The study was conducted in the Department of Plastic, Reconstructive and Burns Surgery of Baby Memorial Hospital (Kozhikode, India) after approval from the Institutional Ethics Committee (No. BMH/IEC/PS/09/2020). Eight patients with lower motor neuron (LMN) facial palsy, irrespective of the etiology, age and sex, who underwent facial reanimation procedures from 2006 to 2016 were retrospectively analyzed. Out of the eight subjects, six patients had undergone temporalis myoplasty, while one patient underwent a free gracilis muscle transfer and one underwent a botulinum toxin injection. Subjective outcome assessment was done as per the questionnaire (Table 1) described by Sassoon et al.8 with few modifications.

Objective assessment was conducted using the pre- and postoperative photographs at rest and during smile. The vertical and horizontal smile symmetry were assessed for each patient. Photographs were initially standardized by comparing white to white iris diameter against the standard human reference value9 of 11.7 mm to obtain a multiplication factor10 using Adobe Photoshop CC v20 (Adobe, San Jose, CA, USA). An inter-pupillary line (IPL) was drawn and from the midpoint of the IPL, a perpendicular line was dropped down to the chin point. Another line was drawn parallel to the vertical line joining the lowest point of cupid’s bow and IPL. The delta horizontal (DH) value was calculated as the distance between these two vertical lines.(Fig. 1) Separate horizontal lines were drawn to connect the commissures to the midline vertical. The distance between these two horizontal lines was calculated as the delta vertical (DV). Finally, the DH and DV were standardized as a real scale using multiplication factors. Statistical analysis of the quantitative data was performed using the IBM SPSS Statistics software v25 (IBM Corp., Armonk, NY, USA). Means were compared using a paired t-test for both DH and DV at rest and during maximum smile11.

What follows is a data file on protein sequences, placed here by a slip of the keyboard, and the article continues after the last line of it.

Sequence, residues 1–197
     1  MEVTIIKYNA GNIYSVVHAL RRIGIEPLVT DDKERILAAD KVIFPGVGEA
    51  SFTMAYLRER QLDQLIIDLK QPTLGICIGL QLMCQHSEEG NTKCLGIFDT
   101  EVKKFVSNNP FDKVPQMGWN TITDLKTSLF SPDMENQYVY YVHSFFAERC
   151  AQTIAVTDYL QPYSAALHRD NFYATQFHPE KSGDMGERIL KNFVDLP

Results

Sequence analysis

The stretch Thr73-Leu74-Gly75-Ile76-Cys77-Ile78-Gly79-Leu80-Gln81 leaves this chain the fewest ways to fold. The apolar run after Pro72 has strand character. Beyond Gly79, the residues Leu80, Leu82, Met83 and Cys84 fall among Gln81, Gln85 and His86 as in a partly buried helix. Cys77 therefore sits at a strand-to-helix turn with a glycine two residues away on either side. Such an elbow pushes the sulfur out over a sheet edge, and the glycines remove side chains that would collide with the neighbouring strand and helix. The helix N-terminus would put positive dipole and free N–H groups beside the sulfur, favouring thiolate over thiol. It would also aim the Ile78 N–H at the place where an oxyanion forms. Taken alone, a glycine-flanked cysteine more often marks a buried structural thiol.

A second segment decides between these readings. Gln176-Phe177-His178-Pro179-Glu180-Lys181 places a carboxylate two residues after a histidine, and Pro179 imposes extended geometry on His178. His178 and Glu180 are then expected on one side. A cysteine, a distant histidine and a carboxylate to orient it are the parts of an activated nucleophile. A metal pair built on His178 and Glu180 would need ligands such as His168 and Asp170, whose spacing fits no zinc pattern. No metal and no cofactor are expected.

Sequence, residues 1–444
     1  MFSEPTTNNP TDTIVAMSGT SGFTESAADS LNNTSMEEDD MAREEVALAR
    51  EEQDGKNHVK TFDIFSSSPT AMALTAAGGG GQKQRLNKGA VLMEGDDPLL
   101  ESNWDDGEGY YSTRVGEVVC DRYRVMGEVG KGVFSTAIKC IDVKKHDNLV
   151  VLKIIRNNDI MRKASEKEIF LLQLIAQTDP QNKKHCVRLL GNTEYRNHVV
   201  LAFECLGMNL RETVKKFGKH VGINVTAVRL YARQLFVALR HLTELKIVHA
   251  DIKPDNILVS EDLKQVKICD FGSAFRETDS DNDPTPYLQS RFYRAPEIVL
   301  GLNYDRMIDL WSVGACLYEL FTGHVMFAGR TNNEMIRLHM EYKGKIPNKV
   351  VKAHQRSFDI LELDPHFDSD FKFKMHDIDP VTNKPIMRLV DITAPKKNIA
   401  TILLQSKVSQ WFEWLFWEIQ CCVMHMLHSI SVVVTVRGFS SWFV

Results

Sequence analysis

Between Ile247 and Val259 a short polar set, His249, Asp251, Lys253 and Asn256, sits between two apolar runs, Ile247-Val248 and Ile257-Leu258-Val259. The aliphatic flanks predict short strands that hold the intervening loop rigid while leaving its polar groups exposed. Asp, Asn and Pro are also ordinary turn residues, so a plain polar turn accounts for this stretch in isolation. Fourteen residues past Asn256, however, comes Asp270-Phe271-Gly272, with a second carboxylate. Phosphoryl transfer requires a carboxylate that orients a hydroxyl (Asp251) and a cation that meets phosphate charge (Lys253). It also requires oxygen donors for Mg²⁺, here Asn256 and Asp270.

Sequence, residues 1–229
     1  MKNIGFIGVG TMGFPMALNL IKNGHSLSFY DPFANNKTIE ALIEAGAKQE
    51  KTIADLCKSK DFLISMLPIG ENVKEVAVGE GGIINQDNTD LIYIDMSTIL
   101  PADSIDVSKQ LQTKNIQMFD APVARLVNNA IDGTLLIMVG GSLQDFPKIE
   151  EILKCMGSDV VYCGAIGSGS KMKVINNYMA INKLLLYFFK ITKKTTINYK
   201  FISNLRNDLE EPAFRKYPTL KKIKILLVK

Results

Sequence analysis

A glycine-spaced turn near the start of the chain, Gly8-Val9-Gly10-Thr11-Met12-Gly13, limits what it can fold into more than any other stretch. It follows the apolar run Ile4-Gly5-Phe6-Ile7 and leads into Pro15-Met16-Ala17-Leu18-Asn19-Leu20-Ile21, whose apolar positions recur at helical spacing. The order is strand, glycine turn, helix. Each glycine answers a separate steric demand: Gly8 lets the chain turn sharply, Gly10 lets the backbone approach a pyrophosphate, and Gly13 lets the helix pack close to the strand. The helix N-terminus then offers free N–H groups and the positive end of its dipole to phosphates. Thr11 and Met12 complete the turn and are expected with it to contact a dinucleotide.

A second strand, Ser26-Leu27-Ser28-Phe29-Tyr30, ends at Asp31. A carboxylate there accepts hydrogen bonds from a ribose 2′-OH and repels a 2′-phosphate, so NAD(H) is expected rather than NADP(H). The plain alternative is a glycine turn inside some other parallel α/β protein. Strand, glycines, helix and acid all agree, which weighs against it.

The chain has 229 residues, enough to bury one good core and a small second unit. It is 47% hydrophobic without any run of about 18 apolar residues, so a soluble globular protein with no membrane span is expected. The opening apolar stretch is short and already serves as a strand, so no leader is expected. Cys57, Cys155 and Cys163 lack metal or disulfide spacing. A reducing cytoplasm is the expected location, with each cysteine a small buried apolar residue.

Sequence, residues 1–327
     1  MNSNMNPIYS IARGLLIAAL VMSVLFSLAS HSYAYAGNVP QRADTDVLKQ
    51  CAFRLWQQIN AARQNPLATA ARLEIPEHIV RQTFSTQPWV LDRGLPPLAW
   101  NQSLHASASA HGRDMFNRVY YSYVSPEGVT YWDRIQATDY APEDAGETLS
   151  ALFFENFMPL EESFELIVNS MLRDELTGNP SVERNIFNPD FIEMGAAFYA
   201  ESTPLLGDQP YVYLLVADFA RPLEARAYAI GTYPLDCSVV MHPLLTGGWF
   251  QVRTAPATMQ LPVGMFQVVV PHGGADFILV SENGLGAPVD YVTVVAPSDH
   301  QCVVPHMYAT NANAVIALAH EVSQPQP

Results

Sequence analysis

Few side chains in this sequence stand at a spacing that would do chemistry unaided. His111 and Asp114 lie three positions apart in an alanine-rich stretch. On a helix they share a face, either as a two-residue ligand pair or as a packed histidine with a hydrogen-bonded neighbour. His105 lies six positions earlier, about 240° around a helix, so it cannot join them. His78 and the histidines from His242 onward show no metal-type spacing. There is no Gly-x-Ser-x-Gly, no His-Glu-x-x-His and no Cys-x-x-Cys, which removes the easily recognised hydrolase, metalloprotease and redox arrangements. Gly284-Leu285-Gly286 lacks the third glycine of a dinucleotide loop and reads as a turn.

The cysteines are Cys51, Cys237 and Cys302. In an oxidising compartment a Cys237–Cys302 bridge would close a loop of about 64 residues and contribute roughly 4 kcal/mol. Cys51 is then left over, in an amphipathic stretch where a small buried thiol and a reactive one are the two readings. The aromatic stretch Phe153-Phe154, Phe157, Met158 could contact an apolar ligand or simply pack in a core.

1. Operative technique

1) Free muscle transfer

After informed consent, the patient was counseled about realistic expectations and achievable goals. The surgery was done in a single stage. A parotidectomy incision (lazy S) with extension to the submandibular region was used to expose the paralyzed side of the face. The skin flap over the parotid-masseteric fascia was dissected until the orbicularis muscle of the lips on the affected site was visualized. Another incision was made on the normal side, 1 cm above and parallel to the nasolabial crease and facial nerve branches were identified. On stimulation, the branch which produced upward and lateral movement of the angle of mouth and upper lip, was selected, which is typical for the branches of buccal division of the facial nerve. The anterior one-third of the gracilis muscle and the required muscle length were marked before the muscle was divided. The free gracilis muscle flap was harvested with the neurovascular pedicle in such a way that, most of the muscle was distal to the pedicle.(Fig. 2) The flap was positioned over the face so that the motor nerve could reach the contralateral side after tunneling through the upper lip. The motor nerve was coapted to the selected facial nerve branch and the vascular pedicle was anastomosed to the facial vessels. Donor and recipient site closures were performed in layers.

2) Temporalis myoplasty